In 2017, individuals donated more than $400 billion, which accounted for more than 70% of giving in the U.S.1 Most of that was donated to religious institutions (30%), followed by education (14%) and human services (12%).1 Outright cash gifts still dominate, but technology-enabled giving like online donations and crowdfunding have increased.2,3
Donors have reported both philosophical as well as financial motivations for giving, so it remains unclear how recent tax code changes will impact giving of their time and money for 2019 and beyond.
Passed in late 2017, U.S. tax-reform legislation made sweeping changes to the tax code, including changes to individual and corporate income tax rates. Known as the Tax Cuts and Jobs Act, the legislation became effective in 2018, with many of its provisions set to expire on Jan. 1, 2026. The law includes tax-rate cuts for individuals, corporations and pass-through businesses, and eliminates many individual and business deductions. There are numerous nuances within the tax code, such that some taxpayers will not experience a lower tax burden.
Because changes to the U.S. tax code are very complex and subject to change, taxpayers should carefully evaluate the potential impact tax legislation may have with regards to their charitable giving and estate planning goals.
The legislation includes increases in the standard deductions and the limitation or elimination of many personal deductions. As such, many taxpayers will switch from itemizing on Schedule A to taking the standard deduction. According to the Tax Policy Center, only 9% of taxpayers are expected to itemize their 2018 charitable contributions and Independent Sector estimates a $13 billion decrease in charitable giving due to the new tax law. However, there are numerous reasons and tax-advantaged ways to still give and support charitable causes.
For high-income donors who itemize, the limit for cash contributions has been raised to 60% of adjusted gross income (AGI), with excess carry forwards available for the next five years. With regard to wealth transfers, the legislation includes significant increases in the exemptions for gift and estate taxes, as well as in the generation-skipping transfer (GST) tax.
Given the significant changes, anyone with an estate plan should review it with their estate planning attorney to make sure it still accomplishes its objectives. Many married couples may be able to greatly simplify their estate plans. For many high net worth individuals, there may be substantial tax transfer savings from increased lifetime gifting, whether outright or in trust, due to increased exemptions. A careful review of assets is necessary to determine the most appropriate for lifetime gifting, and measure potential loss of basis step-up and capital gains impact, against possible transfer taxes.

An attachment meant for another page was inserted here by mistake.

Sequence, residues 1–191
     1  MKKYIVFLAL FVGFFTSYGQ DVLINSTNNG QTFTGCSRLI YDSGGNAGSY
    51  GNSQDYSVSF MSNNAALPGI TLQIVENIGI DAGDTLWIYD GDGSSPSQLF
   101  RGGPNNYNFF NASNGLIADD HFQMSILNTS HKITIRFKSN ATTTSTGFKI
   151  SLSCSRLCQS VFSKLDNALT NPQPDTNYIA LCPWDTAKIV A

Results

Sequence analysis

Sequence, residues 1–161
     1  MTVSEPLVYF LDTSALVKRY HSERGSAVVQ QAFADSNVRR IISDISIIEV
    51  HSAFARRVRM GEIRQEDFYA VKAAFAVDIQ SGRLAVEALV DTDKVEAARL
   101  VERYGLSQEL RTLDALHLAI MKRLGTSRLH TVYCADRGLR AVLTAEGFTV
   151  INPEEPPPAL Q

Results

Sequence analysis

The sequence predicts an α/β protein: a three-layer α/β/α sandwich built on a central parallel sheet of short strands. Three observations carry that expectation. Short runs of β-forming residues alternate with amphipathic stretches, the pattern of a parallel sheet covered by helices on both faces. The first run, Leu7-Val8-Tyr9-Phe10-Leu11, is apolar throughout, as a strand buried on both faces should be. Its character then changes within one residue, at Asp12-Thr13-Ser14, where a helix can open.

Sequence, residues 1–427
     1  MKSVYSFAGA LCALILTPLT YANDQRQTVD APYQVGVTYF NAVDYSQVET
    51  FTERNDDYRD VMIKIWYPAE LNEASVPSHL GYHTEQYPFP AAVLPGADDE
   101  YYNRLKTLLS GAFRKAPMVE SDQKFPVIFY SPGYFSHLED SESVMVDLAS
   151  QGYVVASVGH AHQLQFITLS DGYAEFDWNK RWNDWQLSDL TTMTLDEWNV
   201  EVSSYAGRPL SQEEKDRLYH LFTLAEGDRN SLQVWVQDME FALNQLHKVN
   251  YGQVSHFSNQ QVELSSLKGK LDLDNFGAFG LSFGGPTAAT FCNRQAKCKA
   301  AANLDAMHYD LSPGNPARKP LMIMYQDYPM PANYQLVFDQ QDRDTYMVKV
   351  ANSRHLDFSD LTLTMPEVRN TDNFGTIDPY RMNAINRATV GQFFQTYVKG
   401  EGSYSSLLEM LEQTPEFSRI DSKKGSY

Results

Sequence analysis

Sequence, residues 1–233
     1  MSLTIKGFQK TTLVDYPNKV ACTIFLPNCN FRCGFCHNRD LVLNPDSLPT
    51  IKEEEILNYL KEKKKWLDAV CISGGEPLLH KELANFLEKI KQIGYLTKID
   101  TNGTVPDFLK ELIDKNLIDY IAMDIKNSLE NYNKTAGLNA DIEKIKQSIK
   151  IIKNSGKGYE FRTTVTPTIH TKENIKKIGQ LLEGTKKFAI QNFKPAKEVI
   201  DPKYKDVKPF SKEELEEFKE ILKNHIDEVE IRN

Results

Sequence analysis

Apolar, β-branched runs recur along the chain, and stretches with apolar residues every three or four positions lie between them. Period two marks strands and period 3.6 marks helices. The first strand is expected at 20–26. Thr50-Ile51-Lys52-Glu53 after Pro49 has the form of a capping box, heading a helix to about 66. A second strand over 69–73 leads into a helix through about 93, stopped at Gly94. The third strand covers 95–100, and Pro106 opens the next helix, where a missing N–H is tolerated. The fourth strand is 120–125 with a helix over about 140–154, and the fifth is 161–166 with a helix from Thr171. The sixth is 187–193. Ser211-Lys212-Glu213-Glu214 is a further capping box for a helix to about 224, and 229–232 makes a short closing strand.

Some well-known tax reduction strategies like making pre-tax contributions to your employer’s retirement plan, investing for qualified dividends and long-term capital gains, and municipal bondsmay still make sense for many. The tax savings can be used to help fund charitable giving, reduce debt, or fund other financial goals.
Other charitable giving strategies may also be helpful such as bunching, or consolidating multi-year deductions by making a large charitable gift during a single year, equal to the total donations you would have made over several years; Donating appreciated securities held more than one year to avoid paying capital gains taxes on the appreciation; Using a donor-advised fund to make a larger immediate income-tax deduction and then distribute the funds in future years according to your original giving plan; Making Charitable RMDs: Those over age 70½ with RMDs might benefit from transferring part or all of your RMD from an IRA directly to certain types of qualified charities to avoid taxation of the distribution. Give while living: Charitably inclined high net worth individuals with non-taxable estates might benefit from making charitable bequests prior to death.
Charitably minded individuals have a myriad of charitable vehicles and strategies to help them achieve their goals. Some are simple and straightforward, like writing a check, and others are more complex but potentially more impactful like donating appreciated assets to a donor advised fund. Be sure to work with your financial advisor, and tax and estate planning advisors to help develop a comprehensive strategy to help ensure you can live and give comfortably.
Please note, changes in tax laws or regulations may occur at any time and could substantially impact your situation. While familiar with the tax provisions of the issues presented herein, Raymond James financial advisors do not render advice on tax or legal matters. You should discuss any tax or legal matters with the appropriate professional.
1.Giving USA 2017; 2. The Digital Giving Index, Network for Good; 3. Volunteeringinamerica.gov; Other references: IRS.gov; Raymond James; Giving USA 2017; Lanta Evans-Motte
Lanta Evans-Motte is an independent financial advisor affiliated with Raymond James Financial Services, Inc., Member FINRA/SIPC, 4061 Powder Mill Road, Suite 705, Calverton, MD 20705. Ms. Evans-Motte can be contacted at 301-459-2484 or firstname.lastname@example.org. This article does not constitute financial, investment, tax or legal advice. The opinions in this article are those of Lanta Evans-Motte and not Raymond James. The information has been obtained from sources independent of Raymond James and considered to be reliable, but we do not guarantee that the foregoing material is accurate or complete.